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Hoffmann, R. A wiki for the life sciences where authorship matters. Nature Genetics (2008)

Chloramphenicol versus benzylpenicillin and gentamicin for the treatment of severe pneumonia in children in Papua New Guinea: a randomised trial.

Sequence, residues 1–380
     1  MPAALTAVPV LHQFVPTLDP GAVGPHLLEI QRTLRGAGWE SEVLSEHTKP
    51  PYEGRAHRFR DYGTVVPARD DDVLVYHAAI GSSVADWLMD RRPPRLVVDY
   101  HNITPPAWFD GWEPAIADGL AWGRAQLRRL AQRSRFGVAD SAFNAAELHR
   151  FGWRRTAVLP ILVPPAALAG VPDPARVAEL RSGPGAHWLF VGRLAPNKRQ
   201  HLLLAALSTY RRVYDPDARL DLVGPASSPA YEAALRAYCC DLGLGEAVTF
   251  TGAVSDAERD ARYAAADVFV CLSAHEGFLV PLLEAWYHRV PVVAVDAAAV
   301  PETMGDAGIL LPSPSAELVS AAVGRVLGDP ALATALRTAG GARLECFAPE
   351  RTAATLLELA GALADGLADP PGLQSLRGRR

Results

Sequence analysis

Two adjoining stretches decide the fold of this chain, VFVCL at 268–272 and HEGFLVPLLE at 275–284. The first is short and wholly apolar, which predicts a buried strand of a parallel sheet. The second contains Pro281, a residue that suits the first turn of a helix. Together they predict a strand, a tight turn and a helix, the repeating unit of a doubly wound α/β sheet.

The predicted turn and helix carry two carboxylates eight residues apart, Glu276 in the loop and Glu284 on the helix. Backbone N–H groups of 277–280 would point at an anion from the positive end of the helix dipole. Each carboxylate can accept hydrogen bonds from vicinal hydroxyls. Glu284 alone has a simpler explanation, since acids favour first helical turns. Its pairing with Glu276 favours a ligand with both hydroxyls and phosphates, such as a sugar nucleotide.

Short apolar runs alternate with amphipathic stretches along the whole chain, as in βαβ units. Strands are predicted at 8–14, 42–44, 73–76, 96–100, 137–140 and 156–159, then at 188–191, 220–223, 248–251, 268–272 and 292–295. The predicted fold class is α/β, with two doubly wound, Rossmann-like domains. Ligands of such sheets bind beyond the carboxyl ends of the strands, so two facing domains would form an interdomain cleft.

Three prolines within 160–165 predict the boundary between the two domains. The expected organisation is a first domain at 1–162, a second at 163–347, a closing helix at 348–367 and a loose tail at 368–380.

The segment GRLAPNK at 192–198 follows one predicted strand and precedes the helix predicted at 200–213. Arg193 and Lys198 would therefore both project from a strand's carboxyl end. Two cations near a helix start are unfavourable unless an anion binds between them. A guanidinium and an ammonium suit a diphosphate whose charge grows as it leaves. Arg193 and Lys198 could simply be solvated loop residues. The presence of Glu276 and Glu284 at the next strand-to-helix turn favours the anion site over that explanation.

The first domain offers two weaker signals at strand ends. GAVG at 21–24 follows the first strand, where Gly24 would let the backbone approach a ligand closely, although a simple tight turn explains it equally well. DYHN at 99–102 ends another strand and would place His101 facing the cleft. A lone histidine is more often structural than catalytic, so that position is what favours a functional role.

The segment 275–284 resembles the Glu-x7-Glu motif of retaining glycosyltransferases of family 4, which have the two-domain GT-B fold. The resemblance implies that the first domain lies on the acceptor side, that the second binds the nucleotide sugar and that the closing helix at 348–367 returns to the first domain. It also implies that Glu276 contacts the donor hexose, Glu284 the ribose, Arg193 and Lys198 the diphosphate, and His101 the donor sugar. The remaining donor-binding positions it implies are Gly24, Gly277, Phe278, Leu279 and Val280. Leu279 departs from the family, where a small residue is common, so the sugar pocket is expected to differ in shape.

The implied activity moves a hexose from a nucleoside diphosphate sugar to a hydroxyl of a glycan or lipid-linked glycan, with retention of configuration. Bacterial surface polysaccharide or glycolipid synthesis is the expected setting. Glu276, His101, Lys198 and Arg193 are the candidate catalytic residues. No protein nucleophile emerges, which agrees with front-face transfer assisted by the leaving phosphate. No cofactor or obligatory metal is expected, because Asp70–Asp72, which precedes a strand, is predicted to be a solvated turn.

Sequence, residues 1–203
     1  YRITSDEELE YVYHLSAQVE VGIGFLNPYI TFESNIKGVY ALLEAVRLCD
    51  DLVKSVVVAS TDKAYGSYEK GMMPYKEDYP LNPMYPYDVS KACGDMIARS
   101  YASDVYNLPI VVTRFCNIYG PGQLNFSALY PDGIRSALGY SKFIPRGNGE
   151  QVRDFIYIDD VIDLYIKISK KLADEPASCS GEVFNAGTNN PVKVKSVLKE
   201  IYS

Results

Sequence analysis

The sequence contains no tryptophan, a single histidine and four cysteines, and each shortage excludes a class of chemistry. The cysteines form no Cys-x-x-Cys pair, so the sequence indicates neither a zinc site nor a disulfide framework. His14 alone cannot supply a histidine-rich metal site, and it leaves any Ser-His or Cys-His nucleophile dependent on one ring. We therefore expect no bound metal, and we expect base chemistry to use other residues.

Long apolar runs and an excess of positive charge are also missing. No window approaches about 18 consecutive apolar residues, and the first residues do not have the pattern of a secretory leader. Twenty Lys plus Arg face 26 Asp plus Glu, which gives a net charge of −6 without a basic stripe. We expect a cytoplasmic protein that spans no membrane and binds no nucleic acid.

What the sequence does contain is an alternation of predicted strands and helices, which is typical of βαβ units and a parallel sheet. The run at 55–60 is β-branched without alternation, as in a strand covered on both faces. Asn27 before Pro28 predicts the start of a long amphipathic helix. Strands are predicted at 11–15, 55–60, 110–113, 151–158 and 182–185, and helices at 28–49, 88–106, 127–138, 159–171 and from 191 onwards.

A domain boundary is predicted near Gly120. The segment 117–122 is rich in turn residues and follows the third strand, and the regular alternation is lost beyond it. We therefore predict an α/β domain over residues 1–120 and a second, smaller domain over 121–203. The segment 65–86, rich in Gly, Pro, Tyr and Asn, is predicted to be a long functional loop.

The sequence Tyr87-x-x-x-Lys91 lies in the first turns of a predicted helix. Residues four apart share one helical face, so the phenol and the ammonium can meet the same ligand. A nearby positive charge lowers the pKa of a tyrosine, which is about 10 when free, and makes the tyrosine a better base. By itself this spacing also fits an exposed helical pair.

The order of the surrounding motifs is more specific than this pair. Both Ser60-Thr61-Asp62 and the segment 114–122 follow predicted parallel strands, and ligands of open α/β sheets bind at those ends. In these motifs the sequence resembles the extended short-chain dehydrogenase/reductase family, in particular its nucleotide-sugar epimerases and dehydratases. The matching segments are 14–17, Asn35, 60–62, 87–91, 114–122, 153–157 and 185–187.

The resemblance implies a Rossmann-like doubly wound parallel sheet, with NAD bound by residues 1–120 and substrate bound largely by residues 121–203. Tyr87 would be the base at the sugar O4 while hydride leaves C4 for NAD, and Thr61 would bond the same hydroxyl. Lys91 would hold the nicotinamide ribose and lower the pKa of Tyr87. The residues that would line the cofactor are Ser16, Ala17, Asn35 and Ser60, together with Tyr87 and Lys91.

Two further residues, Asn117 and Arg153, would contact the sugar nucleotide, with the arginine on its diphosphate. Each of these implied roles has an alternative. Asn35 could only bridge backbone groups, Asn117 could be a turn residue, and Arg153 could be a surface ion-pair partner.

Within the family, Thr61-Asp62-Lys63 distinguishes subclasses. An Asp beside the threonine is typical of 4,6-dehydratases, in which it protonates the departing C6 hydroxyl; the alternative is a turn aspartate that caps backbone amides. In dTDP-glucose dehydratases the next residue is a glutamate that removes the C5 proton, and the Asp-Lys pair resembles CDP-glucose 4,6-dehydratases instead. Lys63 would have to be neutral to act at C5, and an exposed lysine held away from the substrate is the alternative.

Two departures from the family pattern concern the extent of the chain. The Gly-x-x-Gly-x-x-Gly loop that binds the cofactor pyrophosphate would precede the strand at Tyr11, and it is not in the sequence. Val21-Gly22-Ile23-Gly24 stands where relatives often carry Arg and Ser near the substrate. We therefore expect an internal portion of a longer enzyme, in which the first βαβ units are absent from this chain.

BACKGROUND: Pneumonia is the most frequent cause of child mortality in less-developed countries. We aimed to establish whether the combination of benzylpenicillin and gentamicin or chloramphenicol would be better as first-line treatment in children with severe pneumonia in Papua New Guinea. METHODS: We did an open randomised trial in which we enrolled children aged 1 month to 5 years of age who fulfilled the WHO criteria for very severe pneumonia and who presented to hospitals in two provinces. Children were randomly assigned to receive chloramphenicol (25 mg/kg 6 hourly) or benzylpenicillin (50 mg/kg 6 hourly) plus gentamicin (7.5 mg/kg daily) by intramuscular injection. The primary outcome measure was a good or an adverse outcome. FINDINGS: 1116 children were enrolled; 559 children were treated with chloramphenicol and 557 with benzylpenicillin and gentamicin. At presentation the median haemoglobin oxygen saturation was 71% (IQR 57-77) for those allocated chloramphenicol and 69% (55-77) for those allocated penicillin and gentamicin. 147 (26%) children treated with chloramphenicol and 123 (22%) treated with penicillin and gentamicin had adverse outcomes (p=0.11). 36 children treated with chloramphenicol and 29 treated with penicillin and gentamicin died. More children treated with chloramphenicol than penicillin and gentamicin represented with severe pneumonia within 1 month of hospital discharge (p=0.03). INTERPRETATION: For children with severe pneumonia in less-developed countries the probability of a good outcome is similar if treated with chloramphenicol or with the combination of benzylpenicillin and gentamicin.[1]


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